The trip from SM to DTLA is really about an hour. The train has to navigate streetlights, so it's not as predictable or fast as the Red Line subway. In fact, I heard on the news this morning that here on its first day of full weekday operation, it suffered the main risk, being obstructed by a stalled car.

I figure I'll get to ride it a few times before getting relocated to Calabasas in July. The SM Expo extension will cut about probably about 20 minutes from my evening public transit commute. Not terribly much, but over time it gives you back some of your life.

That's it for today. Have a wonderful Monday.


Friday, May 20, 2016

Malibu morning picture of the day - Friday, May 20, 2016

Dear Family, Friends, and Gentle Readers,

It's Friday and here is the view from Malibu.

May Grey has receded a bit this morning. Here's another view to the west.

A shimmery morning here in the southland. And none too soon here, since we're having a graduation this morning here at Malibu Community College today (the legal studies department).  Tomorrow we'll have the education and psych department graduations and I'll be working those. Hope the weather will be just as nice.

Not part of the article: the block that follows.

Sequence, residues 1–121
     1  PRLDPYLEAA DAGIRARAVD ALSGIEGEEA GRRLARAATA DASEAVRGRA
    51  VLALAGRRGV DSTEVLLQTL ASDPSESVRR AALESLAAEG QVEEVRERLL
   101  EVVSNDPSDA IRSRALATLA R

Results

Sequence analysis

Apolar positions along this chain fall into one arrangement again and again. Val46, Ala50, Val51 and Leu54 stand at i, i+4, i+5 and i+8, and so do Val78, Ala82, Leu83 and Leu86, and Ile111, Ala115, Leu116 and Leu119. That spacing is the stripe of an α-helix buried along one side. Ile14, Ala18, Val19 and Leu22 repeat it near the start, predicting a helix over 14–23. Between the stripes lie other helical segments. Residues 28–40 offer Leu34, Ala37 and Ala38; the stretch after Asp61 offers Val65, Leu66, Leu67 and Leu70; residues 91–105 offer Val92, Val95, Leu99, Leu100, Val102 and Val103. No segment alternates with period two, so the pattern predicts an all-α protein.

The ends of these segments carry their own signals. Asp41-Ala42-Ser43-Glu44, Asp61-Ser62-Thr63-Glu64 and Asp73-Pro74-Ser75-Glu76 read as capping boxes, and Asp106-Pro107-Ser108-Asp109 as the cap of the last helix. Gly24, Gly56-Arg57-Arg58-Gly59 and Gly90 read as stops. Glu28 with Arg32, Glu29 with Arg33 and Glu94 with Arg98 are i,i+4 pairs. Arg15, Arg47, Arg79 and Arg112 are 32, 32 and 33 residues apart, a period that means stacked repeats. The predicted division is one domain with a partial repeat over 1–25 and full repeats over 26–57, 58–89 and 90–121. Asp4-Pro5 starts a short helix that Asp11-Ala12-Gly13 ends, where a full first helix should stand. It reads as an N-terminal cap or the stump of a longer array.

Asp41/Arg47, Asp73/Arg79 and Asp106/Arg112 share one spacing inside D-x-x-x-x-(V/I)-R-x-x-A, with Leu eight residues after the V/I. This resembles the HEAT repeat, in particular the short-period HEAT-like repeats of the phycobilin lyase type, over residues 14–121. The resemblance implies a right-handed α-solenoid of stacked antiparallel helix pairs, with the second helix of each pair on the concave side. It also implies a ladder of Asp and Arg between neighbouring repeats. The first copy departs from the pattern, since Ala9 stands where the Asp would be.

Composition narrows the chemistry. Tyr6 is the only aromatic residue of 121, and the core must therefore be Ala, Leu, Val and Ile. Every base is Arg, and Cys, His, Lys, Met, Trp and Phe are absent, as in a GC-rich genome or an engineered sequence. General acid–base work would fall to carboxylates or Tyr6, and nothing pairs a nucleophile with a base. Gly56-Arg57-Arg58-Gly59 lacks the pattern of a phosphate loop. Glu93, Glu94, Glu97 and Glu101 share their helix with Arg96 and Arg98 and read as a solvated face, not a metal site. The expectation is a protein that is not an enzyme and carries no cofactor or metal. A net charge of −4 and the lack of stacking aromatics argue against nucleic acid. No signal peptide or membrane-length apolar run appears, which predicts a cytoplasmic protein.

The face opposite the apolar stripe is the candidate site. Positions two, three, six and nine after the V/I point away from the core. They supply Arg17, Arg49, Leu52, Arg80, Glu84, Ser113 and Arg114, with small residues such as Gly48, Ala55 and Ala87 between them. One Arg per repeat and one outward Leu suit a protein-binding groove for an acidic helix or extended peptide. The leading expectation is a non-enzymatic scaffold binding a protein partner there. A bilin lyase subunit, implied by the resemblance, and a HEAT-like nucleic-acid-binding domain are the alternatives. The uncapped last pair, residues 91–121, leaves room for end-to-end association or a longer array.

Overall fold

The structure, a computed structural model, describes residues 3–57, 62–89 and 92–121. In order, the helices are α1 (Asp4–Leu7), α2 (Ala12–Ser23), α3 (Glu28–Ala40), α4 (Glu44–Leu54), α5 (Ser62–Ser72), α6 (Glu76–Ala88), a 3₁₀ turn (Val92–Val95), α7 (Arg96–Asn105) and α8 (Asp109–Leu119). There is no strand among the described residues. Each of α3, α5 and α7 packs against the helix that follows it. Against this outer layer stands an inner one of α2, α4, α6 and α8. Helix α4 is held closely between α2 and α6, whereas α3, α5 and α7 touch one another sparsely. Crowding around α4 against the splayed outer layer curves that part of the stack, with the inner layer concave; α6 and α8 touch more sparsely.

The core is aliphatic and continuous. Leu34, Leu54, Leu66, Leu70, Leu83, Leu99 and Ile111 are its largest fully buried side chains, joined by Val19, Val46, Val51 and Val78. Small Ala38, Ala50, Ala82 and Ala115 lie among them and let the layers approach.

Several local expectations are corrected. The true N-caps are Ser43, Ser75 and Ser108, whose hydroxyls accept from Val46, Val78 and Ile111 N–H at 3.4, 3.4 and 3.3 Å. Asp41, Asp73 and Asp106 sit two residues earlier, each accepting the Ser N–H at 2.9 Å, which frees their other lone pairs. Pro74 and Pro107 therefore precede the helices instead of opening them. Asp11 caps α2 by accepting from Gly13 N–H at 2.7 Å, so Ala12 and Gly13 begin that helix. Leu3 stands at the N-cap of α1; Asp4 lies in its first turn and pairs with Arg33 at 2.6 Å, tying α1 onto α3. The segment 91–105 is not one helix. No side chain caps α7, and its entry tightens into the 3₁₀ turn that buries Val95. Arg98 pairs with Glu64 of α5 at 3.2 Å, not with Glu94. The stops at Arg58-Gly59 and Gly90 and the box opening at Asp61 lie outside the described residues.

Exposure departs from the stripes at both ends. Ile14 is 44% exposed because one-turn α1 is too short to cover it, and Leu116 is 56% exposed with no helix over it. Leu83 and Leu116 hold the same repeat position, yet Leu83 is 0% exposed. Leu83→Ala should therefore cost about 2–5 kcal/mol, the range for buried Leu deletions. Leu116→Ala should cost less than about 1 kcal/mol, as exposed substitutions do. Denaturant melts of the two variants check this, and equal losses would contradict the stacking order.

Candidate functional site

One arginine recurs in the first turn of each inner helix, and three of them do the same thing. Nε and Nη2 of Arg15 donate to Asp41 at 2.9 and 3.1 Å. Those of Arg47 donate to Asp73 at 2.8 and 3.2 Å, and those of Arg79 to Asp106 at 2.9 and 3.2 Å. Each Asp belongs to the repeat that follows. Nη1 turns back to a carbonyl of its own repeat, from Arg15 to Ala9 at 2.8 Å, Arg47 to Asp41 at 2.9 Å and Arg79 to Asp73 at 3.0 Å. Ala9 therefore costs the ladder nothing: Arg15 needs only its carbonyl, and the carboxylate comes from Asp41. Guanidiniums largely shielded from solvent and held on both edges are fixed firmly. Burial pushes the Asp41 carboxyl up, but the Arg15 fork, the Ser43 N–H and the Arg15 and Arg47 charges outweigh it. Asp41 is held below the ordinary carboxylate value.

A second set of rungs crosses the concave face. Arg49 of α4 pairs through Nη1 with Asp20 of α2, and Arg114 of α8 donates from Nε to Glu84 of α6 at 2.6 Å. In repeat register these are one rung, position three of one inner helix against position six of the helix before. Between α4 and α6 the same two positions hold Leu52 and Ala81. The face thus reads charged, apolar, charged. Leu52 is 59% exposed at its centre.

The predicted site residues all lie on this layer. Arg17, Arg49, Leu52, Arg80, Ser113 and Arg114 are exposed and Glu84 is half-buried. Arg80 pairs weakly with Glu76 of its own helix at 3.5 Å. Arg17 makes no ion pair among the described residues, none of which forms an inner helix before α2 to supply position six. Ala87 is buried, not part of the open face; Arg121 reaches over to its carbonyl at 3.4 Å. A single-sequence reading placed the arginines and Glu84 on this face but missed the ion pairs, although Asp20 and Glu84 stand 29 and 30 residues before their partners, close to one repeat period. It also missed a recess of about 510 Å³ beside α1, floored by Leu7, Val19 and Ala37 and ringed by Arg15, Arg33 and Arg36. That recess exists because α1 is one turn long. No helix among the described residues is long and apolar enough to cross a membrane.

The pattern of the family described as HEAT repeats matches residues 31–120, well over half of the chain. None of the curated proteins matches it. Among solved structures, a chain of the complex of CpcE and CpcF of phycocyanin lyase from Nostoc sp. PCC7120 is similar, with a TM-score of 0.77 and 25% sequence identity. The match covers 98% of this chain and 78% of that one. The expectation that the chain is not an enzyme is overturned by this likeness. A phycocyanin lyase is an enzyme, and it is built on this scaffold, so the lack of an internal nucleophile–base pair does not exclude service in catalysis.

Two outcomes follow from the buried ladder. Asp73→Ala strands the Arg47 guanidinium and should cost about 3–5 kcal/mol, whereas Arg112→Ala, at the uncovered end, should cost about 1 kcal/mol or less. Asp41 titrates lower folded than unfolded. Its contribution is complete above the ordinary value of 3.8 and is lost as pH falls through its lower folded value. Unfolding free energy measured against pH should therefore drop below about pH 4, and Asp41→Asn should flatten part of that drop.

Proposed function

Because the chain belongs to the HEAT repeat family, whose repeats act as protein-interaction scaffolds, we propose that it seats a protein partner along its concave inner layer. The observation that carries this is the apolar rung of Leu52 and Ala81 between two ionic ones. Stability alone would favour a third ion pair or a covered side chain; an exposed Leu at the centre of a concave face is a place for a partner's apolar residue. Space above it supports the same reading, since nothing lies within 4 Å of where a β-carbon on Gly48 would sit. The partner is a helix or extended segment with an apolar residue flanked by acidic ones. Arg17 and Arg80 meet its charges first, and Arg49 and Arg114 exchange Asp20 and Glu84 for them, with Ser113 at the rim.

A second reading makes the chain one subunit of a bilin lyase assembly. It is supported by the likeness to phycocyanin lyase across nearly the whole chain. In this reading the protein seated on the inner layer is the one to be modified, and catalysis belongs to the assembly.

Signing off for right now, but come back later. I may have time to post our somewhat regular Friday feature of late.

If not, have a wonderful weekend.


Thursday, May 19, 2016

iT'S STreeTarT THurSDay iN eaST HoLLyWooD with Malibu morning pic of the day - Thursday, May 19, 2016

Dear Street Art Lovers and Assorted Friends,

Today's street artist, one Dr. Knudson, gives a glimpse into the Apocalypse, and while it turns out to be a little messy, it looks to be not so bad.

Artist, Dr. Knudson, Just Another Day in the Apocalypse, paint on commercial building.

... I mean really, good food, good company, conversation, and electronic entertainment ... what else can a man ask for?